Central to this discussion, in 2009 it was announced that the radius of Betelgeuse had shrunk from 1993 to 2009 by 15%, with the 2008 angular measurement equal to 47.0 mas, not too far from Perrin's estimate. Unlike most earlier papers, this study encompassed a 15-year period at one specific wavelength. Earlier studies have typically lasted one to two years by comparison and have explored multiple wavelengths, often yielding vastly different results. The diminution in Betelgeuse's apparent size equates to a range of values between 56.0 ± 0.1 mas seen in 1993 to 47.0 ± 0.1 mas seen in 2008—a contraction of almost 0.9 AU in 15 years. What is not fully known is whether this observation is evidence of a rhythmic expansion and contraction of the star's photosphere as astronomers have theorized, and if so, what the periodic cycle might be, although Townes suggested that if a cycle does exist, it is probably a few decades long. Other possible explanations are photospheric protrusions due to convection or a star that is not spherical but asymmetric causing the appearance of expansion and contraction as the star rotates on its axis.
The debate about differences between measurements in the mid-infrared, which suggest a possible expansion and contraction of the star, and the near-infrared, which advocates a relatively constant photospheric diameter, remains to be resolved. In a paper published in 2012, the Berkeley team reported that their measurements were "dominated by the behavior of cool, optically thick material above the stellar photosphere," indicating that the apparent expansion and contraction may be due to activity in the star's outer shells and not the photosphere itself. This conclusion, if further corroborated, would suggest an average angular diameter for Betelgeuse closer to Perrin's estimate at 43.33 arcseconds, hence a stellar radius of about 3.4 AU (730 R☉) assuming the shorter Hipparcos distance of 498 ± 73 ly in lieu of Harper's estimate at 643 ± 146 ly. The Gaia spacecraft may clarify assumptions presently used in calculating the size of Betelgeuse's stellar disk.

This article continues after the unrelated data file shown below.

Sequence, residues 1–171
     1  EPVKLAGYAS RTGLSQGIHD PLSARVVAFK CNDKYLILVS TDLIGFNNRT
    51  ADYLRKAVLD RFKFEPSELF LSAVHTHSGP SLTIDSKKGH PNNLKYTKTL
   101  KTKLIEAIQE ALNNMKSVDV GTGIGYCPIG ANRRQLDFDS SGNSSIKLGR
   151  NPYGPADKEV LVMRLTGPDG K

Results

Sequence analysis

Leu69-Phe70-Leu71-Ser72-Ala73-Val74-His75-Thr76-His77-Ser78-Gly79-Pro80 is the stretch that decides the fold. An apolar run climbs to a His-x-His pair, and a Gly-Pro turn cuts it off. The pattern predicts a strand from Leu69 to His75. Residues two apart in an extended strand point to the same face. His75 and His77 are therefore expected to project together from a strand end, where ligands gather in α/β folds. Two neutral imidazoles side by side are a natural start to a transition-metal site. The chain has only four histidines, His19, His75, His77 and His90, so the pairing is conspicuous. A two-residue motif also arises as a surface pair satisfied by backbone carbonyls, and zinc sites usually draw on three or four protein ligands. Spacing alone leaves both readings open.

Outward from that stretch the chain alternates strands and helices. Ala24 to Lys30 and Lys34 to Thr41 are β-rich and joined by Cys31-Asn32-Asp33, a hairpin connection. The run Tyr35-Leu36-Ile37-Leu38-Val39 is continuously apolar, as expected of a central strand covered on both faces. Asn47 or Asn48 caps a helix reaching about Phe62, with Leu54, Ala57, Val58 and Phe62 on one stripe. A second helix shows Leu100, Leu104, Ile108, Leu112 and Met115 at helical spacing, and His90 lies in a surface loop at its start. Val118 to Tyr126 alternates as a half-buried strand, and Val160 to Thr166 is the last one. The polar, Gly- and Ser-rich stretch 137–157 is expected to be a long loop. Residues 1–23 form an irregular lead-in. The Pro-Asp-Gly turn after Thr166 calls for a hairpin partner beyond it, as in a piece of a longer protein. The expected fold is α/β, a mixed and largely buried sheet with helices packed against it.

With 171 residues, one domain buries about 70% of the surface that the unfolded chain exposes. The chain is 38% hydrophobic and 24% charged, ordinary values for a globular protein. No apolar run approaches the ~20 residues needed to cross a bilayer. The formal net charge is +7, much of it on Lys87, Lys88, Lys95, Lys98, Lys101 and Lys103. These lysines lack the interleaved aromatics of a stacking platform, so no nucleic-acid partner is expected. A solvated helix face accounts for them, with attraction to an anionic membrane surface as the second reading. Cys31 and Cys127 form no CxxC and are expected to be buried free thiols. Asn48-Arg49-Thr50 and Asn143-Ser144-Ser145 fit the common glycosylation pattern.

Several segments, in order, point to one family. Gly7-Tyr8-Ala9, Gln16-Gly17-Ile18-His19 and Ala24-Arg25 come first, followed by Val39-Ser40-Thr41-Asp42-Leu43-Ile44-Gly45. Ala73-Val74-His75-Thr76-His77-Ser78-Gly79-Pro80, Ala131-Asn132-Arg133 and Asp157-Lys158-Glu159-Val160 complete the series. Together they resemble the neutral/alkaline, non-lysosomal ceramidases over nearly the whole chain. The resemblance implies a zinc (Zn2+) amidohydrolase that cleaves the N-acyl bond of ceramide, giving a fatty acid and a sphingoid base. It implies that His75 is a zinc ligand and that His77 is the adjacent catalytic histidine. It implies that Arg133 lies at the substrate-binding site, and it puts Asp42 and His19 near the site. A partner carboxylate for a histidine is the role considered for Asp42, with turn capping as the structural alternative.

Once considered as having the largest angular diameter of any star in the sky after the Sun, Betelgeuse lost that distinction in 1997 when a group of astronomers measured R Doradus with a diameter of 57.0 ± 0.5 mas, although R Doradus, being much closer to Earth at about 200 ly, has a linear diameter roughly one-third that of Betelgeuse.
The generally reported radii of large cool stars are Rosseland radii, defined as the radius of the photosphere at a specific optical depth of two-thirds. This corresponds to the radius calculated from the effective temperature and bolometric luminosity. The Rosseland radius differs from directly measured radii, but there are widely used conversion factors depending on the wavelength used for the angular measurements. For example, a measured angular diameter of 55.6 mas corresponds to a Rosseland mean diameter of 56.2 mas. The Rosseland radius derived from angular measurements of the star's photosphere rather than an extended envelope is 887 R☉.
Betelgeuse is a very large, luminous but cool star classified as an M1-2 Ia-ab red supergiant. The letter "M" in this designation means that it is a red star belonging to the M spectral class and therefore has a relatively low photospheric temperature; the "Ia-ab" suffix luminosity class indicates that it is an intermediate-luminosity supergiant, with properties partway between a normal supergiant and a luminous supergiant. Since 1943, the spectrum of Betelgeuse has served as one of the stable anchor points by which other stars are classified.
Uncertainty in the star's surface temperature, diameter, and distance make it difficult to achieve a precise measurement of Betelgeuse's luminosity, but research from 2012 quotes a luminosity of around 126000 L☉, assuming a distance of 200 pc. Studies since 2001 report effective temperatures ranging from 3,250 to 3,690 K. Values outside this range have previously been reported, and much of the variation is believed to be real, due to pulsations in the atmosphere. The star is also a slow rotator and the most recent velocity recorded was 5 km/s—much slower than Antares which has a rotational velocity of 20 km/s. The rotation period depends on Betelgeuse's size and orientation to Earth, but it has been calculated to take 8.4 years to turn on its axis.